Monday, April 27, 2009

Frankie Manning, Inventor of Lindy Hop, Teacher of Cool

Frankie Manning, one of the originators of the dance known as Lindy Hop, or Jitterbug, or swing, or whatever you like to call it, died this morning, two months shy of his 95th birthday. And while one can't feel too sad at a good life that lasted a very long time, it is hard to imagine a world without Frankie Manning.

When Frankie taught Lindy Hop, he would pair everyone up and then tell the guys to look at the girls.

"Fellas," he would say genially, "do you see that lady before you? That lady is a princess. And what do you do when you see a princess? You bow."

This wasn't a lesson in manners, this was a lesson in leading the swingout. Frankie would take a step back as he bent at the waist, his right arm sweeping back, and look very much as though he were bowing as his partner stepped forward.

That was what was so cool about taking classes from Frankie. He didn't just teach the mechanics of dance, he taught the attitude. Frankie was all about attitude. Watch the video below. That's Frankie dancing with Dawn Hampton, another swing legend. Nothing they're doing is particularly difficult from a technical standpoint, but it takes decades to learn to be that cool. You can see they have the music deep in their bones.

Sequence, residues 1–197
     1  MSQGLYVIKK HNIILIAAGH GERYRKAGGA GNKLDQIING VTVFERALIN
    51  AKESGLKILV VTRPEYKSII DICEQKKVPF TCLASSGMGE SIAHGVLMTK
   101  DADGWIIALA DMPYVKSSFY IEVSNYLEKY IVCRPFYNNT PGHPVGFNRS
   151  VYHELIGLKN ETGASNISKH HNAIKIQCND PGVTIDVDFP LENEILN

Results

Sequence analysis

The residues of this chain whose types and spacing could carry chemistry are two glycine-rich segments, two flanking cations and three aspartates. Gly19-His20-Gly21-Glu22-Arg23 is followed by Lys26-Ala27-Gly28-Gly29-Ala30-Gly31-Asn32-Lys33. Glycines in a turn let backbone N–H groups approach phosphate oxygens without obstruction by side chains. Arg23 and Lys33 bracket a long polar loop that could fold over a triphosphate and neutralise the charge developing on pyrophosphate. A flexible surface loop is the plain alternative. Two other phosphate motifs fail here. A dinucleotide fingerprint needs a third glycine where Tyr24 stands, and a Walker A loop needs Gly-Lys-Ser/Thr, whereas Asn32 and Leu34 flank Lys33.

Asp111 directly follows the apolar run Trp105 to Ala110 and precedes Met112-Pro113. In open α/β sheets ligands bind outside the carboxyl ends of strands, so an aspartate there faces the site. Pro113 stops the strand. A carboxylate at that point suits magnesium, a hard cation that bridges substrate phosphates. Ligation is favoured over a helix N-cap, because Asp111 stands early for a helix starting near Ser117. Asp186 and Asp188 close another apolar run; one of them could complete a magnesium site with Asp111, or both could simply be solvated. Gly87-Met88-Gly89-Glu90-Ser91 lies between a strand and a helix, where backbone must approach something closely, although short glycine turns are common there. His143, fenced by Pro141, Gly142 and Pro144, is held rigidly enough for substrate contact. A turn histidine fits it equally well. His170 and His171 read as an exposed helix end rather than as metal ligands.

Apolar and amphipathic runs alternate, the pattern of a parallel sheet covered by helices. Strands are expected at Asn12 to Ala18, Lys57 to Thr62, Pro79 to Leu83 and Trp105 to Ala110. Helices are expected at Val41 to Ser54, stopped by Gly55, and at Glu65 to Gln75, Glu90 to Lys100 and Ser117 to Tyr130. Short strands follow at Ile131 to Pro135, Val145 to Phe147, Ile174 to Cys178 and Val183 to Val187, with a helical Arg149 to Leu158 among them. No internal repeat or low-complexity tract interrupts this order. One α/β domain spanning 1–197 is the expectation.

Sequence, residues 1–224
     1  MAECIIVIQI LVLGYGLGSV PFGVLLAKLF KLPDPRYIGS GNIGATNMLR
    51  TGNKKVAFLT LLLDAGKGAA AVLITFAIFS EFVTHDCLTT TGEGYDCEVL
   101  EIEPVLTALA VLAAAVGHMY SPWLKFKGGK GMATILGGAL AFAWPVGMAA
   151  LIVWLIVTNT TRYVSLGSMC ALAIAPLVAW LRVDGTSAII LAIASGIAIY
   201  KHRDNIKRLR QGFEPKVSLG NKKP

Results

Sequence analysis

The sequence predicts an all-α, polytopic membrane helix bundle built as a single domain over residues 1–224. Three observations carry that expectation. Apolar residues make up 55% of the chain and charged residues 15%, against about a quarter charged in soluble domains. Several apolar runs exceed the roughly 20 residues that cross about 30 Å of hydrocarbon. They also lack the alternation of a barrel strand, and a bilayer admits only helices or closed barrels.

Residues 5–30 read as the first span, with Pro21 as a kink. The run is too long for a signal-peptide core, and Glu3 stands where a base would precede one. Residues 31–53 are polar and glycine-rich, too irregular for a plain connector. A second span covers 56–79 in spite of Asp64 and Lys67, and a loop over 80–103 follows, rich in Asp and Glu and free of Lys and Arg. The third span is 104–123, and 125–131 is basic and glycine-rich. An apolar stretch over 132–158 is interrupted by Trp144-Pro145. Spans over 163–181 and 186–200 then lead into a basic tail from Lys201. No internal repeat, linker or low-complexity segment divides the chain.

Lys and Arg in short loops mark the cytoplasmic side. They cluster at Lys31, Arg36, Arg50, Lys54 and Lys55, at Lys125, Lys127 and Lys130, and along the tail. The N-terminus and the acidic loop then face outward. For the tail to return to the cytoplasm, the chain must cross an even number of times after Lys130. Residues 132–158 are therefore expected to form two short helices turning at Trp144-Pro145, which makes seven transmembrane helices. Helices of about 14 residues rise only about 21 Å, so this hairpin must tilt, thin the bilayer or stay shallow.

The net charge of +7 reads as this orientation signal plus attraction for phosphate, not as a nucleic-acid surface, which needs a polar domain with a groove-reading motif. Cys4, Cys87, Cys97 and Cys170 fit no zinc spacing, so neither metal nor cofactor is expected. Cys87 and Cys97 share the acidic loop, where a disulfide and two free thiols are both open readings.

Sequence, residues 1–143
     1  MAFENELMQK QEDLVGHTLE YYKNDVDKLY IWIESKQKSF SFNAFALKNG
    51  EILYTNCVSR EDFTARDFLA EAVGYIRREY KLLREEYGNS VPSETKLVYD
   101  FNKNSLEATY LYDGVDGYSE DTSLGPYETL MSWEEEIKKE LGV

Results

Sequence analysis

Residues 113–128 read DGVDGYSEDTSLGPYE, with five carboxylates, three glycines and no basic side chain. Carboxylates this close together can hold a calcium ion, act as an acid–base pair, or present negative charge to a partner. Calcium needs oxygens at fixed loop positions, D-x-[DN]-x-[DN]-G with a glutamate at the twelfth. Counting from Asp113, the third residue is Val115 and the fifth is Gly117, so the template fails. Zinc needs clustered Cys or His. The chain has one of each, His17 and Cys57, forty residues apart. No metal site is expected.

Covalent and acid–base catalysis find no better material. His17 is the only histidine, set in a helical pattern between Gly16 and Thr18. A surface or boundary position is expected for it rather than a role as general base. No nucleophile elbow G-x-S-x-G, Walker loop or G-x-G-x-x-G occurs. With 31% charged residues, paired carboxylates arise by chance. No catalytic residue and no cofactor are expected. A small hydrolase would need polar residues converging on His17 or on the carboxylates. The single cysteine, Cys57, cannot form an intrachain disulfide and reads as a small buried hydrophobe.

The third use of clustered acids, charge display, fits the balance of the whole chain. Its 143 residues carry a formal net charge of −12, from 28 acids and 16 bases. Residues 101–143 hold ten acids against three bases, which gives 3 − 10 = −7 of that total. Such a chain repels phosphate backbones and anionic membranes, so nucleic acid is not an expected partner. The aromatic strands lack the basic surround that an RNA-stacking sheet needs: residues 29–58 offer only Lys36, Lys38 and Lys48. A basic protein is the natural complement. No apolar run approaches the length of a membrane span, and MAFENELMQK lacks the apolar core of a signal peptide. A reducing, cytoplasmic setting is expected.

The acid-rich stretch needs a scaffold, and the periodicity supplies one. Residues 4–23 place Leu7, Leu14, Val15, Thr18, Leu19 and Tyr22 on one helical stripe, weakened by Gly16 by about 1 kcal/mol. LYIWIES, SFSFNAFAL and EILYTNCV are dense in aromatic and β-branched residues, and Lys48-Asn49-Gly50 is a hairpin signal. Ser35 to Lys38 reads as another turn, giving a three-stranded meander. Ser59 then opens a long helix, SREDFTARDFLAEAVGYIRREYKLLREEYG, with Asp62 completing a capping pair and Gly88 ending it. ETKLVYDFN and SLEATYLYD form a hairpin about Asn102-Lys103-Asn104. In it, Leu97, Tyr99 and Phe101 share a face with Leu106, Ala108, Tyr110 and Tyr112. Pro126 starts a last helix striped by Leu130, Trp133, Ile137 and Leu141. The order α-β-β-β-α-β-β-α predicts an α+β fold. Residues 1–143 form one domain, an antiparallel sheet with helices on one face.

Frankie was the only teacher I've ever had who really focused on attitude. One of my favorite Frankie moves begins with a traveling tuck turn, in which you lead the girl to turn while moving foward in a straight line, and all you have to do is stay even with her as she moves. There's really nothing to that, but when Frankie moved alongside the girl, he did it with this elfen charm, this light, twinkling step (Frankie always twinkled, when he spoke, when he danced, and of course when he smiled) to what was essentially just a 2 second stroll. And he emphasized that this was part of the step, that you needed to create that feeling; you couldn't just walk along as though it didn't mean anything.

I think about the way Frankie moved when I lead that step, but I don't have it yet. Hopefully I will by the time I turn 94. I wish I could take another lesson from him, and just see again exactly how he does it, but now, alas, I am on my own.

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